Aquatic Plant Field Guide Now Available on Outdoor Alabama Web site
With the publication of the Field Guide to Aquatic Plants of Alabama
the Wildlife and Freshwater Fisheries Division of the Alabama Department of Conservation and Natural Resources (ADCNR) has given pond owners, educators, and biologists a new tool to help them more easily identify native and non-native aquatic plants in the state.
Originally designed as a field guide for state biologists the expanded version is now available to everyone on the ADCNR Web site, www.outdooralabama.com
. The guide is packed with detailed photographs and descriptions of more than 80 native and invasive aquatic plants with more to be added in the future. The guide is divided into six plant categories: Emergent, submersed, floating, floating-leaved, and two types of algae. The original field guide can be downloaded from the here
, and will be updated soon.
Graves Lovell, District 4 Fisheries Biologist and author of the guide, believes it can be useful to educators and biologists in identifying aquatic species as well as helping pond owners to control the spread of nuisance plants. “The first step in controlling aquatic weeds is proper identification,” Lovell said. “Aquatic weed problems can explode quickly, but unfortunately we can’t visit every private pond that has a weed problem in a timely manner. I think access to this online field guide will allow most pond owners to identify these plants so biologists can assist with control measures over the phone.”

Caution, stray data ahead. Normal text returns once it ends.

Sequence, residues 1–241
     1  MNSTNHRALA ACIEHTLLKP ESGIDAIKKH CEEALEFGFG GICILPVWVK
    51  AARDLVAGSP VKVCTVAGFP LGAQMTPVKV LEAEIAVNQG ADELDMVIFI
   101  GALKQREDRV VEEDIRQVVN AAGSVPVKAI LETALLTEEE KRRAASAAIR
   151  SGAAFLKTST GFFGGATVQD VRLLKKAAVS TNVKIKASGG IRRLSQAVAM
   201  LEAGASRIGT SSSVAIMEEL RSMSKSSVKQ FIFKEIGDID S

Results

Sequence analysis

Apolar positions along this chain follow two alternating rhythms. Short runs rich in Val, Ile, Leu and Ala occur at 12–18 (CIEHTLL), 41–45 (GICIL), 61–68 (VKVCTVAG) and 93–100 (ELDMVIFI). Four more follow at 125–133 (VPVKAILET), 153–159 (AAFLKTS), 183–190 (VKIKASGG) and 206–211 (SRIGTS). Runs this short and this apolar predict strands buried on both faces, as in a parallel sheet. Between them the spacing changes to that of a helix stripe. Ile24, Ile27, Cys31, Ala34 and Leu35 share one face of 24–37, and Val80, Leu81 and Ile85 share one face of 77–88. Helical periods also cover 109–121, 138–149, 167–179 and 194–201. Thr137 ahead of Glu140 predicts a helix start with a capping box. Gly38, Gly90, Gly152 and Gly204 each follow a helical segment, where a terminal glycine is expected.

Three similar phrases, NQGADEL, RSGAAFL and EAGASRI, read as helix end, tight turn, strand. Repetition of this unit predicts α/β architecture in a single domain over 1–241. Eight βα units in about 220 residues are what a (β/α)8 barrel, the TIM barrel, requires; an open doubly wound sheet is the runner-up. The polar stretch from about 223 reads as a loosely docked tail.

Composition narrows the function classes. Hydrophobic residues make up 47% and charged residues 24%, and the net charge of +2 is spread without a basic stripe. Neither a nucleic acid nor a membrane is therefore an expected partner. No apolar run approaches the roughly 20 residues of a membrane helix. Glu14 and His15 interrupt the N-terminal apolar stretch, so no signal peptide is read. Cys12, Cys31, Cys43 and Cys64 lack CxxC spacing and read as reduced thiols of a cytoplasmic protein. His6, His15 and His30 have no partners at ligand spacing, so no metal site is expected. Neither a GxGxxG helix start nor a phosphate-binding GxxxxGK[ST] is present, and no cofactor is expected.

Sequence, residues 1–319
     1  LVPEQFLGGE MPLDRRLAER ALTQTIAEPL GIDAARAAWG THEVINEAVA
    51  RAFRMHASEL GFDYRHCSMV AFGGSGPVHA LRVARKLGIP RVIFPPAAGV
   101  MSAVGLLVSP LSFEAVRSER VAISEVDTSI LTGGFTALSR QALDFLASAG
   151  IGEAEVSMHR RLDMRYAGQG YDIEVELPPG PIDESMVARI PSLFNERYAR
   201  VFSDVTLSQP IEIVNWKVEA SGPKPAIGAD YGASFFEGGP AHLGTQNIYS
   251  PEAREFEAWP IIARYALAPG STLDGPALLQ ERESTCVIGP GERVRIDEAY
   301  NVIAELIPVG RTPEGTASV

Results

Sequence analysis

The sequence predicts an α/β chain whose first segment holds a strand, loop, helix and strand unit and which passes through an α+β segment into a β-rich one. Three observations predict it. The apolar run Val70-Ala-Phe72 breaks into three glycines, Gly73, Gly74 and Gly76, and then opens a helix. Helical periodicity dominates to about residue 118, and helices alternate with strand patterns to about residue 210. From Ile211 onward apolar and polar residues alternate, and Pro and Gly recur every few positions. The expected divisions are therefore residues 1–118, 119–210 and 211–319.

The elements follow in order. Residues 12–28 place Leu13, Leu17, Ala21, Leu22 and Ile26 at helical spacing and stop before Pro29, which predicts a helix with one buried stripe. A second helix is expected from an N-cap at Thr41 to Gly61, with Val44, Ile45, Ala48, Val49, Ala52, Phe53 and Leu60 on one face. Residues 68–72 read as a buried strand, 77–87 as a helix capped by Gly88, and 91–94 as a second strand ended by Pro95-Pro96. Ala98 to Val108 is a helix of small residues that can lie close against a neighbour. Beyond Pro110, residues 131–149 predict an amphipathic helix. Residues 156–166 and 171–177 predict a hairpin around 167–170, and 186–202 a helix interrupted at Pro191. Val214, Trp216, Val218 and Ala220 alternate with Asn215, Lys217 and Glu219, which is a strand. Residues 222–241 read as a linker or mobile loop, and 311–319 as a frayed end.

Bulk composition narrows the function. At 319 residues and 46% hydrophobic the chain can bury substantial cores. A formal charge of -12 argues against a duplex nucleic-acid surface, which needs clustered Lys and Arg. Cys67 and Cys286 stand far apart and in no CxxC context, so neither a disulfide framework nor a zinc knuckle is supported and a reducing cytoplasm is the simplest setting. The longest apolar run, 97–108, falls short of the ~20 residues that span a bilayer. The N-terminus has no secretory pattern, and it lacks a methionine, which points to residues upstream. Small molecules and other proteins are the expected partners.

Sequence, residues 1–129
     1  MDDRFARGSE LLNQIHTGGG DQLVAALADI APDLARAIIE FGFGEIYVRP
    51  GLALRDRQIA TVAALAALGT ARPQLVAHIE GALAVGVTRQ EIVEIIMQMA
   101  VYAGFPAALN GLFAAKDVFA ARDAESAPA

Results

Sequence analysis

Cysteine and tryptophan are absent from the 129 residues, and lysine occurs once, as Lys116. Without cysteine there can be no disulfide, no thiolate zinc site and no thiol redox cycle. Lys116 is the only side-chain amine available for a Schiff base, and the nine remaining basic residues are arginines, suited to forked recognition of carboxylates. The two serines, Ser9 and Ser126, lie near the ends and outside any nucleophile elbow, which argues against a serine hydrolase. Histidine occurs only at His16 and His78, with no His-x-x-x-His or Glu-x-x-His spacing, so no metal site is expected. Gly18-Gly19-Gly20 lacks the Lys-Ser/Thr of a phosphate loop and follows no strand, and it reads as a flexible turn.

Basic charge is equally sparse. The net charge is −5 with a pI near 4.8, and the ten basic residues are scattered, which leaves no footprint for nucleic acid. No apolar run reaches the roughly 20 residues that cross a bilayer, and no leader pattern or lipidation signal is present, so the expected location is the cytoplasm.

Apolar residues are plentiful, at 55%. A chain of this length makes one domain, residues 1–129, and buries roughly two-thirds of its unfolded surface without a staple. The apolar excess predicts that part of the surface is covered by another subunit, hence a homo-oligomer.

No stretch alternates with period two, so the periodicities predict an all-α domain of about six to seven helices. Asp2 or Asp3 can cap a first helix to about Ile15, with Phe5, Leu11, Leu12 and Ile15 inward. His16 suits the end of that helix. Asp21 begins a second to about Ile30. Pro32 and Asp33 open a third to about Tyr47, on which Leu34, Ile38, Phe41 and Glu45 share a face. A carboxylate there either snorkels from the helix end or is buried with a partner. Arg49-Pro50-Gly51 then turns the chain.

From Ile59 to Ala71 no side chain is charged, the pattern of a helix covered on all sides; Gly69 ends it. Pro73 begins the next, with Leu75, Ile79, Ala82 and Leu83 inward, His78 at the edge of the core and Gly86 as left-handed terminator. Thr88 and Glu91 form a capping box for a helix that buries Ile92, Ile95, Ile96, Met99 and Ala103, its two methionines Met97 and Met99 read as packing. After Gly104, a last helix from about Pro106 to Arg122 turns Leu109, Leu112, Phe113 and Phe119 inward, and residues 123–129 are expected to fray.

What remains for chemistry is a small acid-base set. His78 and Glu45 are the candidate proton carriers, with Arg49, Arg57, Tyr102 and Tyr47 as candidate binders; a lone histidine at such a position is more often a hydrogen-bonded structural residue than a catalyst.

“However, not all aquatic plants are nuisance species,” Lovell added. “Some species are relatively easy to contain in private ponds and can provide enhanced angling opportunities, as well as harbor juvenile fish. Aquatic plants are also critical in other aquatic ecosystems around the state.”
All of the photos in the guide are available by request to be used for educational purposes by other agencies and non-profit organizations. The photos have also been shared with Invasive.org, a Web site focused on the identification and control of invasive plant species.
According to the U.S. Aquatic Nuisance Species Task Force invasive plants and animals cost taxpayers billions of dollars annually to control.
Anyone who observes a non-native plant in Alabama is encouraged to report the location on the Early Detection and Distribution database at www.eddmaps.org. The site was developed by the
University of Georgia’s Center for Invasive Species and Ecosystem Health as a way to monitor the spread of invasive plants.
The Alabama Department of Conservation and Natural Resources promotes wise stewardship, management and enjoyment of Alabama’s natural resources through five divisions: Marine Police, Marine Resources, State Lands, State Parks, and Wildlife and Freshwater Fisheries.